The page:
A majority of Parkinson's patients report a diminished sense of smell, which starts to occur a number of years before the onset of other symptoms. Researchers are exploring whether scent-processing neurons which connect the nose to the brain may play a role in the development of Parkinson's disease.
The habenula relays external information, such as sight and smell, along with internal states associated with emotion and learning to brain regions that govern adaptive behaviors.
Women with postpartum depression report normal olfactory sensitivity, while those who are genetically predisposed to major depressive disorder have decreased olfactory sensitivity.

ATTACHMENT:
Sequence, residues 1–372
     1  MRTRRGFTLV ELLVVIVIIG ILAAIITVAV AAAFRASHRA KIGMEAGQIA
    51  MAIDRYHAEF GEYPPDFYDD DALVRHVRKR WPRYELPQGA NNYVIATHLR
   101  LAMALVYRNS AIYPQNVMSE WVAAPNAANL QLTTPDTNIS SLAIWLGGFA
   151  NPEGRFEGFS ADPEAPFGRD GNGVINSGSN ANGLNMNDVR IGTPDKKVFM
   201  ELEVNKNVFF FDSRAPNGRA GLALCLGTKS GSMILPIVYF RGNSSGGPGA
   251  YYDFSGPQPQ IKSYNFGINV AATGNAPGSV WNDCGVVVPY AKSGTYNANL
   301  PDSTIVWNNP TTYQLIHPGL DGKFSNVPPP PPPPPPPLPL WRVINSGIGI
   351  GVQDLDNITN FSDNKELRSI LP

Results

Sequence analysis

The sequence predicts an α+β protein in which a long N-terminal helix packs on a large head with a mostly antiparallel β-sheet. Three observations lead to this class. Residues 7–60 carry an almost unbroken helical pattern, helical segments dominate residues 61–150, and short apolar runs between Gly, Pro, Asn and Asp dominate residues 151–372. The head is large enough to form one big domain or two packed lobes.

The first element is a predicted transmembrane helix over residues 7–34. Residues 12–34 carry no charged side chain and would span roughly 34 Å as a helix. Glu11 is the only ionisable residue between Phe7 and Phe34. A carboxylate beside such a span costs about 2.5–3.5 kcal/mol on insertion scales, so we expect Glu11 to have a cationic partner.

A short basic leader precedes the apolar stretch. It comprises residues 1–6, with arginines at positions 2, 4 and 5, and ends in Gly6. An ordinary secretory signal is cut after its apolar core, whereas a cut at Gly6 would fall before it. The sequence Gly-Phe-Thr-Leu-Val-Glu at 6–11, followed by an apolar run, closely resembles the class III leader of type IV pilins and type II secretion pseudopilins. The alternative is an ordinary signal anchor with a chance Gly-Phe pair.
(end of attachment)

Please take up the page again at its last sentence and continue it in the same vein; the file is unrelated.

Following injury or damage, insulin plays a key role in the maturation and regeneration of immature olfactory sensory neurons.
People with a poor sense of smell are 50% more likely to be hospitalized for pneumonia than those with a good sense of smell.
Olfactory imprinting in infant mice has a direct impact on their social behaviors as adults.